November 20, 2012
ATHABASCA, AB, Nov. 20, 2012/ Troy Media/ – Regardless of the result in the Calgary-Centre by-election next week, the real winner will be Stephen Harper.
Obviously he wins if the Conservative candidate Joan Crockatt takes the seat. Crockatt is a right-winger who has made clear that she will be an obedient backbencher who follows the government line on everything rather than trying to merely represent her local constituents. Following a longstanding and often successful Tory strategy, especially in Alberta, Crockatt refused to debate her opponents until a backlash from constituents forced her to appear on the weekend at one debate with the Liberal, Green, and NDP candidates who hope to unseat her.
But Harper arguably is a bigger winner in the long run if either the Liberal or Green candidates, both of whom have impressive resumes, manage to run ahead of Crockatt and take the seat. Two recent polls show Harvey Locke, the Liberal, closing in on Crockatt, with Green candidate Chris Turner behind but catching up to the two leaders, while the NDP candidate has dropped down to single digits in his support.
Of course, Harper would be embarrassed in the short term to lose a seat in Alberta, the most faithful province to Conservative ideology. But he will shuck the loss off as one of the vagaries of by-elections in which, after all, voters know that they are only electing a local representative and not a government. He will be able to bask in the predicted huge win the same evening in the by-election to replace the disgraced Bev Oda in Durham and not need to explain his party’s inability to defeat the NDP in its Victoria stronghold.
Harper will be the winner because an upset in Calgary Centre will feed the delusion that the parties of the centre in Canada (there is no left at the moment if one takes the stances of both the late Jack Layton and his successor, Thomas Mulcair, as the actual policies of the NDP) can continue to compete with one another in every electoral contest during the next general election in 2015, and do not need to cooperate in seats where the Tories are vulnerable.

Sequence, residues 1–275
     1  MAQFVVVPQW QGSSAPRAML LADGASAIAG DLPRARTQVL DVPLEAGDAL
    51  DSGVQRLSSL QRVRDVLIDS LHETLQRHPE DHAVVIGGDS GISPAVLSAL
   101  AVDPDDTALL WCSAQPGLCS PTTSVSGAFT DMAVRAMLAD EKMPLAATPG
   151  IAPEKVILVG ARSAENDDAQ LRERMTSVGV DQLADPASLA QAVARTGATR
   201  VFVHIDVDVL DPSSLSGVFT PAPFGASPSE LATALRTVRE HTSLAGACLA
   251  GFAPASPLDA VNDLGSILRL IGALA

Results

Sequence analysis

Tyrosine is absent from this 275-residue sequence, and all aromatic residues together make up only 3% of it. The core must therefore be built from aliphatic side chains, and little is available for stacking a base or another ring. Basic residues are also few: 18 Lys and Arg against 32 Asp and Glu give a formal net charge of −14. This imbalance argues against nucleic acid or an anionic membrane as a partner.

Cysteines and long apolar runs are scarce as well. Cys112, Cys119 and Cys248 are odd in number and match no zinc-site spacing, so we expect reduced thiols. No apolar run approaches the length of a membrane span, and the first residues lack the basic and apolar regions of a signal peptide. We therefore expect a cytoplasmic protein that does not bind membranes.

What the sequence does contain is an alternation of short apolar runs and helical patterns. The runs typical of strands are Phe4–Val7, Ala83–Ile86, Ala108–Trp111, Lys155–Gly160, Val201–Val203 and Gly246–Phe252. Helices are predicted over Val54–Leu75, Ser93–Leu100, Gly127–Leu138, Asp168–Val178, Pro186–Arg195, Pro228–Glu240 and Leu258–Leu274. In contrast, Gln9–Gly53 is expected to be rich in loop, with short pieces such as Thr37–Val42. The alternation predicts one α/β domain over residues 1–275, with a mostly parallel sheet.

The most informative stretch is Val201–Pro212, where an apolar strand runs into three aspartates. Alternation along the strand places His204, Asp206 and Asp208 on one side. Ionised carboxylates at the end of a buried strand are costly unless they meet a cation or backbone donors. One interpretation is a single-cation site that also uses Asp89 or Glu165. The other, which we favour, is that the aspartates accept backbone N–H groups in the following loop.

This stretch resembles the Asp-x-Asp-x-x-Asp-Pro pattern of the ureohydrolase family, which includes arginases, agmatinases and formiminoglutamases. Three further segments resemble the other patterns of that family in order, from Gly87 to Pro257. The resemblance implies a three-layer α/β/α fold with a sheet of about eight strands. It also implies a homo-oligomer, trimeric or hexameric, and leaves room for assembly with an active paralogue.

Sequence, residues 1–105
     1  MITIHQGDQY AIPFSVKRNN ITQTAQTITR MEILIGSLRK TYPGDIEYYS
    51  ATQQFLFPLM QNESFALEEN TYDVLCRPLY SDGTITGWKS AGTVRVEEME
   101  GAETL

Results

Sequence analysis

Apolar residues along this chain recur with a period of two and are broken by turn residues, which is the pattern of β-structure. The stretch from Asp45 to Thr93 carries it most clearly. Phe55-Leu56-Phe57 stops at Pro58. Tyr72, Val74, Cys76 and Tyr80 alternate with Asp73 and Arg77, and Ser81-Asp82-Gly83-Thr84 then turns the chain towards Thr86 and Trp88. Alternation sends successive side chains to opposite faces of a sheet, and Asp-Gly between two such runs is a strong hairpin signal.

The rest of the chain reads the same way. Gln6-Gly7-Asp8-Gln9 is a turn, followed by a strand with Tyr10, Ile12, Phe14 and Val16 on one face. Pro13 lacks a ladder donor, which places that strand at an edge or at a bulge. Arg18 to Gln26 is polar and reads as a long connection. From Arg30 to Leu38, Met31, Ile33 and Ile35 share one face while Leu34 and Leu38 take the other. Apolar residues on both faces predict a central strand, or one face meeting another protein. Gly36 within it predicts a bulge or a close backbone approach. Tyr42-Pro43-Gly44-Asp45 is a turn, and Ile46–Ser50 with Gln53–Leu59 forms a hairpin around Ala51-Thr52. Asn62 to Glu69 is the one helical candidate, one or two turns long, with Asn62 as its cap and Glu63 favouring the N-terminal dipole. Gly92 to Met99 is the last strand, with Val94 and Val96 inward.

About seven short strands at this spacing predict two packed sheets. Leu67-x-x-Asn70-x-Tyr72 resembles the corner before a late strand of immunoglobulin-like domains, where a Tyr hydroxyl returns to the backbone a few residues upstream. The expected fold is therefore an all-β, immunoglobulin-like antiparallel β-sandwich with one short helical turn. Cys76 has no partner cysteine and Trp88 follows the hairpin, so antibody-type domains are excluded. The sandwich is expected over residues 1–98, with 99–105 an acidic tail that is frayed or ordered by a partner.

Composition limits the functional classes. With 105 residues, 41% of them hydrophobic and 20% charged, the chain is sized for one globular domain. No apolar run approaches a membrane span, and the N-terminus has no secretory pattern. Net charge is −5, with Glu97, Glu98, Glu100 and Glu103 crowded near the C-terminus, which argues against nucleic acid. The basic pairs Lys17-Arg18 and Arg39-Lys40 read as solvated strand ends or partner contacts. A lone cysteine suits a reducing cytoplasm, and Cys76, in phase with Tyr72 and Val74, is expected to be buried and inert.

Canadians, they will say, have decided to reject the Tory wrecking crew that is tearing apart Canada’s social programs, removing government oversight over everything from the environment to the safety of the food supply, and providing Canada with a militaristic and one-sided foreign policy. Each of the parties will argue that it offers Canadians the best set of alternative policies and personalities, and that, in any case, if a coalition is needed to defeat the Tories that it can be formed AFTER the election since the Tories have no chance of forming a second majority government.
But that is all nonsense. As recent polls by Abacus and Ipsos-Reid demonstrate, the Harper government has alienated only a small proportion of its 2011 social base. While the centrist parties don’t really quite get it, about a third or more of Canadians actually are conservative dinosaurs on economic issues. While they may not be consistent in their anti-government views, they generally trust businesses to make good decisions and think that government efforts to improve things generally backfire.
Perhaps three Canadians in five disagree and believe that government has an important role to play in the economy, in the preservation of Canadian identity, and in the creation of greater economic equality. But, with their votes divided among several parties, these centrist and left-leaning Canadians are less likely to elect a government than their American counterparts who represent half or less of the population.
Why? In part, this is because the Canadian Conservatives, when one excludes Quebec, are as plentiful as their American counterparts who face a united centrist effort. In 2011, the federal Conservatives won short of 40 per cent of all Canadian votes. But if Quebec is not included, that figure rises to an impressive 46 per cent. With the Greens on the rise, what are the real chances that in English Canada, three parties with only slight differences in policy that anyone outside of their small memberships can identify, will manage, while running against each other everywhere, to hold off a party that is just short of being the majority party outside Quebec?